Magazine article American Forests

Washington Outlook

Magazine article American Forests

Washington Outlook

Article excerpt

While the inauguration of President Barack Obama brought great excitement and a renewed sense of hope to much of the nation, the new President quickly stepped into a maelstrom of economic issues dominating the nation's attention and policy discussion. His challenge has been to respond effectively to the immediate economic crises while moving forward with the policy platform on which he'd won the election.

He first worked with the Congress in early February to pass a massive and historic stimulus package to pick-up the nation's ailing economy. For forests and communities, the stimulus package--the American Recovery and Reinvestment Act (ARRA)--includes $1.15 billion for the Forest Service and $320 million for the Bureau of Land Management to invest in improving infrastructure, such as roads, trails, and facilities, reducing hazardous fuels, and restoring the health of forest ecosystems. The agencies have begun spending initial portions of the funds but are also developing policies for allocating funds to ensure that key criteria, such as job creation and accountability, are met. American Forests and community-based partners have worked with the federal agencies to offer ideas on how funds could be allocated through existing programs and funding mechanisms, such as cooperative agreements, grants, and stewardship contracts, to meet the objectives of the stimulus package.

After the passage of the ARRA, President Obama turned his attention to the FY 2009 federal budget, which had been deferred by Congress last year through a continuing resolution due to expire in early March. After much agonizing debate over earmarks, Congress passed and President Obama signed on March 11 an admittedly less-than-perfect omnibus funding bill for the remainder of FY 2009. It seemed, however, that the President was looking to get beyond this old business and to take action on his own policy agenda.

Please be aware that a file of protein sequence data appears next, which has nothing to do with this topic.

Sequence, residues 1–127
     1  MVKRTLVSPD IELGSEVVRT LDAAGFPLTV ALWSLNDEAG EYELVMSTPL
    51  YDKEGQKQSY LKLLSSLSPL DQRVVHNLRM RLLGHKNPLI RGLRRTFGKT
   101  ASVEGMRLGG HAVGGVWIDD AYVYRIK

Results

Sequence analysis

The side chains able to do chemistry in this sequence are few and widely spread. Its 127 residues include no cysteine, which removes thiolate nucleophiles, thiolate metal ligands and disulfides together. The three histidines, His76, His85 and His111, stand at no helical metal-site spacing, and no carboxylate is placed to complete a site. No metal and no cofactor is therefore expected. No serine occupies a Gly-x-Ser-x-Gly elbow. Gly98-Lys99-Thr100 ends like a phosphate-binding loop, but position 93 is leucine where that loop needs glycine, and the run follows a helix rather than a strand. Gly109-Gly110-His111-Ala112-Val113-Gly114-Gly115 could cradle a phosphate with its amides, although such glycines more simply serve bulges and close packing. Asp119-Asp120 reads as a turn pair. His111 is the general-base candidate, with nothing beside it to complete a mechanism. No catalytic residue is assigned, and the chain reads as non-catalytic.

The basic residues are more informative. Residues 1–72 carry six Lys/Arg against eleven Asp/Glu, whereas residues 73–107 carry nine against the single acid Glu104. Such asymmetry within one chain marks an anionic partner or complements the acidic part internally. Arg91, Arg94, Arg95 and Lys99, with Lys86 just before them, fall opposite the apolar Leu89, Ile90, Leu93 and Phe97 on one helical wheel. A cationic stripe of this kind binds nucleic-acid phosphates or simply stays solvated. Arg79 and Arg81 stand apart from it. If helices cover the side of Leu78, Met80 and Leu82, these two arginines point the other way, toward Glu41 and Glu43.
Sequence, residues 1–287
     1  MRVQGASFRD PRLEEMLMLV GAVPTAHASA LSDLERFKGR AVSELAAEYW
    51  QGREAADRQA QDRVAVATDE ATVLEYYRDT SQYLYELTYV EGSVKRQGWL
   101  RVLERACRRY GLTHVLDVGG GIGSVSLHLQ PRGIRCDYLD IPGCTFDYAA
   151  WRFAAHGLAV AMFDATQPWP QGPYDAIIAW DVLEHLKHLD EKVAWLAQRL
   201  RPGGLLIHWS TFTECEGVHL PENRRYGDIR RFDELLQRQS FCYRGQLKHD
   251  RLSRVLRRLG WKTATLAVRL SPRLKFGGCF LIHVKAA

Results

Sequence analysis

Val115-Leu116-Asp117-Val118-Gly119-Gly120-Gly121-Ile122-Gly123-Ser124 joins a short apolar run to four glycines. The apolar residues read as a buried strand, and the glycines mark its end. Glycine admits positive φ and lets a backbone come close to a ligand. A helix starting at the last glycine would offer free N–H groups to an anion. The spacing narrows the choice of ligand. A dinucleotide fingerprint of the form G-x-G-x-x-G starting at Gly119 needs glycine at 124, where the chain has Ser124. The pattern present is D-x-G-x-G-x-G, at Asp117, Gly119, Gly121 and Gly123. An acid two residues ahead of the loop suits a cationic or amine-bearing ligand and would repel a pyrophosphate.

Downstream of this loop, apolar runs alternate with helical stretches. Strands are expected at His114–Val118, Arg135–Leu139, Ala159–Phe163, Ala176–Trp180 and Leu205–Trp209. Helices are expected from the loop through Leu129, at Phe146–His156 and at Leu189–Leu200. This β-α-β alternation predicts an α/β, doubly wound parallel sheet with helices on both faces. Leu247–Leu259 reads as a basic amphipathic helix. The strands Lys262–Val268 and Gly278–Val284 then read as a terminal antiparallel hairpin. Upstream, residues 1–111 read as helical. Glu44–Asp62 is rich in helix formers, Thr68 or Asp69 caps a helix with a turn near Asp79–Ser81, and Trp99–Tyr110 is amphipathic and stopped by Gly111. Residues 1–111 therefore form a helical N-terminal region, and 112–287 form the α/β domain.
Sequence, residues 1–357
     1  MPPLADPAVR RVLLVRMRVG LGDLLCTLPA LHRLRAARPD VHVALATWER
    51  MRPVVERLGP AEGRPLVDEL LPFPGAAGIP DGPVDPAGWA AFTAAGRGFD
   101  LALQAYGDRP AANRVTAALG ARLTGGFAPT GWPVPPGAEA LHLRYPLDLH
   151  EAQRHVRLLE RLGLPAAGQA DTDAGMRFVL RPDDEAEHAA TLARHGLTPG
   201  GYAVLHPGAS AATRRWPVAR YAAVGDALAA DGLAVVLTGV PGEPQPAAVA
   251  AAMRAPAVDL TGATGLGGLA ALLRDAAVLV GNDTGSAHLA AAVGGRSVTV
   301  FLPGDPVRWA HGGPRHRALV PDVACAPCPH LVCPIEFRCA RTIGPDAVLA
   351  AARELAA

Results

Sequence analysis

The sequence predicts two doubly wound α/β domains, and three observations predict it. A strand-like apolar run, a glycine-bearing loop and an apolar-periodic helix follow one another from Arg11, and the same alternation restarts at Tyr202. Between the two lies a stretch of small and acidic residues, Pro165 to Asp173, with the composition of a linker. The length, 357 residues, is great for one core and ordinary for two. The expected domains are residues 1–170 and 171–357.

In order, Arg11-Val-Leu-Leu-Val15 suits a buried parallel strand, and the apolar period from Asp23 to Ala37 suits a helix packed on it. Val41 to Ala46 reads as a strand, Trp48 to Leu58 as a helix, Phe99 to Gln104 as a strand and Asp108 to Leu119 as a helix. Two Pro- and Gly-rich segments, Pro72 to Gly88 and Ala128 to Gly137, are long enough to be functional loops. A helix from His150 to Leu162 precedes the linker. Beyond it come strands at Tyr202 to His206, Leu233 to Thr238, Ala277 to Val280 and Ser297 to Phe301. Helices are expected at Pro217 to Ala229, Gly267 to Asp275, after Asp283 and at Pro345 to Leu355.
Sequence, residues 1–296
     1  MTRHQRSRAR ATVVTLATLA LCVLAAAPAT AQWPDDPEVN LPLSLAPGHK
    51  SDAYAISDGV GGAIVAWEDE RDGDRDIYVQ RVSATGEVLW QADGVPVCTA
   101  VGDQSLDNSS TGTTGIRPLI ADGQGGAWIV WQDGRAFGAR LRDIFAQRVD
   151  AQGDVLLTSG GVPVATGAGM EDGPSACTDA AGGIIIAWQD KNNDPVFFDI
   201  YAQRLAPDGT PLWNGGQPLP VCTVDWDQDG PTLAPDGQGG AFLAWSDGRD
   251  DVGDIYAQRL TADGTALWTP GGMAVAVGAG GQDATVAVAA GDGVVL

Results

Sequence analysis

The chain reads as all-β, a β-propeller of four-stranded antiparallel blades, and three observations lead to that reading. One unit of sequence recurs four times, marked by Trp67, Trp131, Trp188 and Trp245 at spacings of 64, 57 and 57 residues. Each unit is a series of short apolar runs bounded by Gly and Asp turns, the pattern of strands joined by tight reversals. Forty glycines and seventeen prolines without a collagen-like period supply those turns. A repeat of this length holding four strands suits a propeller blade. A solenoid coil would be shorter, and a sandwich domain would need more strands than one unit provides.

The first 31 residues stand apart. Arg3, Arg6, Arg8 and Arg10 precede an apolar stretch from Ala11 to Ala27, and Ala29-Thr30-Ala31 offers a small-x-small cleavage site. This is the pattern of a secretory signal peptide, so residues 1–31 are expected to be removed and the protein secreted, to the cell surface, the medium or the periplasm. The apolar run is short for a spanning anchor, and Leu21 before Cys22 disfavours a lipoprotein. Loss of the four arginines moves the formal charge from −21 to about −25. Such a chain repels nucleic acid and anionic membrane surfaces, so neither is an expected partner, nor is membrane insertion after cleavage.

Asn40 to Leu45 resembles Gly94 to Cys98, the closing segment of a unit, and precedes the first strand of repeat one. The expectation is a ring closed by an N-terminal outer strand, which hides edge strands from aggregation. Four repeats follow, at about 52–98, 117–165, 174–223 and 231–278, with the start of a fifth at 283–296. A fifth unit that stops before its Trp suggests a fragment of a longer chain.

In a February 24 speech to a joint session of Congress, President Obama got his first chance since taking office to refocus on key elements of the longer-term vision he promoted during his campaign, including a transformation to a clean energy, low carbon economy. He also called on Congress to develop and pass legislation that would establish a cap-and-trade system to address the threats of climate change:

"But to truly transform our economy, protect our security, and save our planet from the ravages of climate change, we need to ultimately make clean, renewable energy the profitable kind of energy. So I ask this Congress to send me legislation that places a market-based cap on carbon pollution and drives the production of more renewable energy in America."

This was a bold request by the President at a time when many thought climate-change proposals would be delayed for a year or more until the nation was able to get back on a more stable economic footing. …

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